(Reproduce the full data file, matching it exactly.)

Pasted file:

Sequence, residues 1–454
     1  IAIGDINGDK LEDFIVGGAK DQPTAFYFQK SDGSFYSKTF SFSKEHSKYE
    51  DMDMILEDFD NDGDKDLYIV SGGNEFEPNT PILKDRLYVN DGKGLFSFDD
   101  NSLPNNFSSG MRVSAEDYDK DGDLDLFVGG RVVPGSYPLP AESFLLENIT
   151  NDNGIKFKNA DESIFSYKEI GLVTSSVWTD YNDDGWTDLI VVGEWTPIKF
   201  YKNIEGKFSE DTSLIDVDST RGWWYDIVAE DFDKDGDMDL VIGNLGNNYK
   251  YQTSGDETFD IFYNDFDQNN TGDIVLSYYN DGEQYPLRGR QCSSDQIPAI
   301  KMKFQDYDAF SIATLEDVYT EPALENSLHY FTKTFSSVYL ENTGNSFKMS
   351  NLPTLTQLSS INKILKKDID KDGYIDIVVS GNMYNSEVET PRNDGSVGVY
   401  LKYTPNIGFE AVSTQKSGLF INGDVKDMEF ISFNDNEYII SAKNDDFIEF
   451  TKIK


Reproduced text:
Sequence, residues 1–454
     1  IAIGDINGDK LEDFIVGGAK DQPTAFYFQK SDGSFYSKTF SFSKEHSKYE
    51  DMDMILEDFD NDGDKDLYIV SGGNEFEPNT PILKDRLYVN DGKGLFSFDD
   101  NSLPNNFSSG MRVSAEDYDK DGDLDLFVGG RVVPGSYPLP AESFLLENIT
   151  NDNGIKFKNA DESIFSYKEI GLVTSSVWTD YNDDGWTDLI VVGEWTPIKF
   201  YKNIEGKFSE DTSLIDVDST RGWWYDIVAE DFDKDGDMDL VIGNLGNNYK
   251  YQTSGDETFD IFYNDFDQNN TGDIVLSYYN DGEQYPLRGR QCSSDQIPAI
   301  KMKFQDYDAF SIATLEDVYT EPALENSLHY FTKTFSSVYL ENTGNSFKMS
   351  NLPTLTQLSS INKILKKDID KDGYIDIVVS GNMYNSEVET PRNDGSVGVY
   401  LKYTPNIGFE AVSTQKSGLF INGDVKDMEF ISFNDNEYII SAKNDDFIEF
   451  TKIK